Israeli Olympic gold medalist Linoy Ashram said her win on Saturday in the individual rhythmic gymnastics final proves that the sport does not have to be dominated by Eastern Europeans.
“If up until now it was a sport of Eastern Europe, now you can say that it’s a sport for everybody,” Ashram told a video press conference for Israeli media outlets on Sunday morning.
“My result has opened the door to many other countries, and other young gymnasts from places that didn’t think they could reach such heights,” she added. “That can only motivate gymnasts to continue to invest in themselves and not give up.”
Ashram, 22, quoted former Israeli-American basketball star Tal Brody, who led Maccabi Tel Aviv to an unexpected victory over CSKA Moscow in 1977, and proclaimed: “We are on the map, and we’re staying on the map!”
“Just as Tal Brody said, ‘We’re on the map, Israel is on the map, our sport is on the map,'” said Ashram.
And just as Brody and his team won out against the Soviet Union, Ashram beat the heavily favored twins from Russia, Dina and Arina Averina, who ended up in second and fourth places, respectively.
Russia did not take the loss well and vowed to “seek a thorough probe” into the judging, with some accusing the judges of bias.
Dina Averina herself has questioned the results, saying she believes her performance was “clean” while noting that Ashram at one point dropped the ribbon she was using.
Russia has long dominated the field of rhythmic gymnastics at the Olympics, winning the gold individual and group medals at every contest since 2000. This year, Dina Averina took home silver in the individual competition and Russia also won silver in the group competition — where Israel came in sixth overall.
Ashram said she was not focused on the actions of other competitors and declined to respond to the Russian controversy.
“I didn’t look at the others or at their results,” she said. “I was focused just on myself, my scores and what I got.”
The gold medalist spoke to reporters from Tokyo a day after her history-making gold medal, when she became the first Israeli female athlete to take home an Olympic gold.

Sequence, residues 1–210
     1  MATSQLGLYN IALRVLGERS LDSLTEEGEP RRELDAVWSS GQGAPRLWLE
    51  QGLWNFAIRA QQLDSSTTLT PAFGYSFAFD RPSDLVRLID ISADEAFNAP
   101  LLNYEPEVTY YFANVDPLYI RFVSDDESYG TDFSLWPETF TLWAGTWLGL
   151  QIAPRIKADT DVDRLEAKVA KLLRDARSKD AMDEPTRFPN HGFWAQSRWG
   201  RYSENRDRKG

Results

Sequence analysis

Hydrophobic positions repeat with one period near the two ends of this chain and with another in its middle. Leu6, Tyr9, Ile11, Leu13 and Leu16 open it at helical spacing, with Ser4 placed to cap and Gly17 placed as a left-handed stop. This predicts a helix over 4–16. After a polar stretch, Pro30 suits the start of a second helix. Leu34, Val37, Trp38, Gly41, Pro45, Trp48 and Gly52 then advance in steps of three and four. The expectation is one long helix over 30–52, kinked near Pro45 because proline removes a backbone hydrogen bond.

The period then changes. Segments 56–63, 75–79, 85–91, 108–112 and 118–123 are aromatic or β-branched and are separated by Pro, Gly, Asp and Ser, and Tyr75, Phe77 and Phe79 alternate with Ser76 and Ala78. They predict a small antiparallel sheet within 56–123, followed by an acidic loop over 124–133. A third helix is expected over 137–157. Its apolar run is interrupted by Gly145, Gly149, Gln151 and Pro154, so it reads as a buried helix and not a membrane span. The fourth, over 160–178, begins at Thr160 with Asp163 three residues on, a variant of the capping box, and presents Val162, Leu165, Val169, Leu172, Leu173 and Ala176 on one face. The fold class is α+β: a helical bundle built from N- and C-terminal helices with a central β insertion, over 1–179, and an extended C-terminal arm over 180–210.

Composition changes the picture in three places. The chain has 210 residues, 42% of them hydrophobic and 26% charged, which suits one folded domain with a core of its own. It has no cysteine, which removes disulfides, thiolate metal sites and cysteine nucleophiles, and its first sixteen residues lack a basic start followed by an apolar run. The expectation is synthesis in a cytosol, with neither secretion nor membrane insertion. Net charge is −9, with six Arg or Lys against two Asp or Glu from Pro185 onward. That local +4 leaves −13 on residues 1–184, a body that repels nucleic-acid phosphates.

“It’s hard to even imagine that I was at the Olympics, it’s been my dream since I was a little girl,” she said. “I knew I wanted to be at Tokyo, I dreamed about it and wanted to be there and have that experience, but I never imagined that I would come home from there with a medal, and a gold medal at that.”
Seated alongside her fellow Israeli rhythmic gymnast Nicol Zelikman, who finished seventh overall in the finals of the event, Ashram said she was thrilled to make history together.
“I am overjoyed at the result that both of us got, we made history — two Israeli rhythmic gymnasts, not just in the final but ranked in the top 7 — it’s something that’s never happened before,” said Ashram.
Zelikman told reporters that she wouldn’t have wanted to take this journey with anybody else.
“We’ve been making history for five consecutive years together, and I couldn’t be happier to have shared this journey with you,” said Zelikman.
Ashram added: “You can see always how much we rely on each other, and support each other and push each other, and it was so much fun to go through this experience with someone always by my side.”
Almost 24 hours after her historic win, Ashram said the experience barely seems real yet.
“It still hasn’t set in, I slept last night for about 40 minutes,” she said, noting that the medal stayed next to her in bed. “I always dreamed to do my best and get the highest possible outcome — but I never imagined it would be a gold medal and the title of Olympic champion.”